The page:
Alibaba and the Forced Restructuring
Alibaba’s planned restructuring might mollify the Chinese government's concerns about its size and influence. But the move does not seem likely to alleviate antitrust concerns in any meaningful way, and there is no strong business justification for the company's chosen approach.
HONG KONG – Markets are welcoming Chinese tech giant Alibaba’s plan to split into six independent entities. The reason might seem obvious. Because smaller autonomous units appear likely to be nimbler and more adaptable, one might expect the restructuring to help to revitalize the massive company and boost productivity. One might also assume that dividing the company will alleviate the monopoly concerns that have made Alibaba a primary target of regulators in recent years. But, as compelling as this logic seems, it is deeply flawed.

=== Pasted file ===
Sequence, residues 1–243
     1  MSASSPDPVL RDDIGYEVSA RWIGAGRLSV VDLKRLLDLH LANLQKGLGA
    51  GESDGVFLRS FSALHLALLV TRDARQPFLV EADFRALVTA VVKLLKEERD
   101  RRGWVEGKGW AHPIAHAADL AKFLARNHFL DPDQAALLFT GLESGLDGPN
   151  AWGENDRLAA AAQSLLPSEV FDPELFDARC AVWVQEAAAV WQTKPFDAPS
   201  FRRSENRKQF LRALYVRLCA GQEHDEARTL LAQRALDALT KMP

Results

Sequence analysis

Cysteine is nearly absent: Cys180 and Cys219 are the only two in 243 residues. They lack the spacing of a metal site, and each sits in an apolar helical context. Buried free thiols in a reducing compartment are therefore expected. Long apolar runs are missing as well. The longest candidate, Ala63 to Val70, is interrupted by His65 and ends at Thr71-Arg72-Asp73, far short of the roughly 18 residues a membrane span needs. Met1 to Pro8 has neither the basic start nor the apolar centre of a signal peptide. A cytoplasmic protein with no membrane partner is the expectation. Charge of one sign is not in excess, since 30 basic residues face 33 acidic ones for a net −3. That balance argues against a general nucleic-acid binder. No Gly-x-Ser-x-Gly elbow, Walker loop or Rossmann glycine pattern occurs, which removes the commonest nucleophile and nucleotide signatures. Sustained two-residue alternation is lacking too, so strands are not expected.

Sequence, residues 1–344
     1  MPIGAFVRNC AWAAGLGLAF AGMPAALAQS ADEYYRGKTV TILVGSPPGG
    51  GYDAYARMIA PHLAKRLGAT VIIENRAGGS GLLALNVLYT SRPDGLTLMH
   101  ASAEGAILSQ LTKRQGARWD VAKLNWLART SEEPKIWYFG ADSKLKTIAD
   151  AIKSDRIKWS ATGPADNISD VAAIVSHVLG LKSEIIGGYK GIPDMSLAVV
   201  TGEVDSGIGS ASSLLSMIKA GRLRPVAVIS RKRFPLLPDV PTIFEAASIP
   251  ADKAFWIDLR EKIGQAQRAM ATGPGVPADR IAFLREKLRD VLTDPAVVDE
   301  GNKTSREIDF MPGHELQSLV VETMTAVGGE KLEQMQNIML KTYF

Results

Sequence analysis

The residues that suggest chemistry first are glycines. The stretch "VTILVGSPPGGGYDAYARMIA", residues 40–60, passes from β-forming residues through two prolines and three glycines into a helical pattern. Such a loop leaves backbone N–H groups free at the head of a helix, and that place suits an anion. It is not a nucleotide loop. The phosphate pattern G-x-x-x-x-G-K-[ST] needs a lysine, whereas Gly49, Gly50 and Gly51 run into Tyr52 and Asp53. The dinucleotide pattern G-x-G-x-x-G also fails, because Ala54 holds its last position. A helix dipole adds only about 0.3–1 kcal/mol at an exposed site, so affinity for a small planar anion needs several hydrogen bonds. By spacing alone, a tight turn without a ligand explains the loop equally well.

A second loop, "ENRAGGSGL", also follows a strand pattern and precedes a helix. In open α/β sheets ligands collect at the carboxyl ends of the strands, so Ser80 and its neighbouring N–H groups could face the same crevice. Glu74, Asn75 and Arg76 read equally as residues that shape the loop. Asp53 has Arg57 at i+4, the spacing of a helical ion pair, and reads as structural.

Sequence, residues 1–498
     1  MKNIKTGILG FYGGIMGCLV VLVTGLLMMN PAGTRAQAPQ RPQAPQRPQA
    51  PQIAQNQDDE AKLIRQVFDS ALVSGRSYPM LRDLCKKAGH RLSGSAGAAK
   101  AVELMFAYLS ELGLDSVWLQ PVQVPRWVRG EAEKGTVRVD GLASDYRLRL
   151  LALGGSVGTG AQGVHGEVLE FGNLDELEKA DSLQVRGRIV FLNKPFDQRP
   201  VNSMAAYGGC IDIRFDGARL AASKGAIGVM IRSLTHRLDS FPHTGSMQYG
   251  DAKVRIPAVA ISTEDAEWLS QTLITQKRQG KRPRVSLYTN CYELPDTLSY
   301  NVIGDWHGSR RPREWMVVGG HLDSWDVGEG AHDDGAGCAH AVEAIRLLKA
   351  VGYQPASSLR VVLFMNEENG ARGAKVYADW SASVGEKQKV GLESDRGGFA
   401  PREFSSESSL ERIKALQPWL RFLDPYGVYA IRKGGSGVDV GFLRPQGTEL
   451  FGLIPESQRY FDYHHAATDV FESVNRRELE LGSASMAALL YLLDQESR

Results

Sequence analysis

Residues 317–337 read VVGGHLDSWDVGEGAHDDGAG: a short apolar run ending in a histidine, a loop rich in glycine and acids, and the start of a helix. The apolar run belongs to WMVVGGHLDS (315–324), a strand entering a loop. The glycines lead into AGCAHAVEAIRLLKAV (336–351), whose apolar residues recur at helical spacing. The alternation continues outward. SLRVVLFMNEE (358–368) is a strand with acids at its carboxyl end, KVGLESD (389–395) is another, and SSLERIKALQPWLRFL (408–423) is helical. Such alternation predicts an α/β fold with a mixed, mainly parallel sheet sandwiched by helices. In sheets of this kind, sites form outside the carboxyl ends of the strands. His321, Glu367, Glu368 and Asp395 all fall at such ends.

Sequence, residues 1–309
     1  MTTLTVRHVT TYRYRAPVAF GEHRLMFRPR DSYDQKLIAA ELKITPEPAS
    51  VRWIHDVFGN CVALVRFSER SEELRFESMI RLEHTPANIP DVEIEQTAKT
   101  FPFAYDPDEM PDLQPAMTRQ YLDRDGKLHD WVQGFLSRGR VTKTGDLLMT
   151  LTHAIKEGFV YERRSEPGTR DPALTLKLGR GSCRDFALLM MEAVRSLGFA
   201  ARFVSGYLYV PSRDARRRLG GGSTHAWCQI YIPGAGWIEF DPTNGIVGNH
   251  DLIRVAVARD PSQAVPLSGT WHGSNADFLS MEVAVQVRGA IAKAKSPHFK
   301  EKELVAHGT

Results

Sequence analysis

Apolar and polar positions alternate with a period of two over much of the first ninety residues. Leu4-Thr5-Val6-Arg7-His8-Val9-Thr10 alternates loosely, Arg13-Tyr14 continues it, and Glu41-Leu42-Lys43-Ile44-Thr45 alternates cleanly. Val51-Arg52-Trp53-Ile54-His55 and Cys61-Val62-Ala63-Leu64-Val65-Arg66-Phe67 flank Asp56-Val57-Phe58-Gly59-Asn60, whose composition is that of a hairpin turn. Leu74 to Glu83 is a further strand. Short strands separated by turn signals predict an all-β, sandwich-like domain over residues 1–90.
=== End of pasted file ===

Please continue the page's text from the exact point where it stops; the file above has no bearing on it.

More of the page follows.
Breaking up a firm can help to stimulate internal competition if the firm has a genuine monopoly that prevents others from exposing it to competitive pressure. But Alibaba operates in cutthroat sectors – e-commerce, entertainment, cloud computing, and logistics – where competition is fierce. As large as Alibaba is, its operations are subject to strong external pressure.
In any case, Alibaba will most likely retain significant control over the new “units” it is creating, even if some go public. So, from an antitrust standpoint, Alibaba will still be regarded as a single entity, with the same market power it already possessed.
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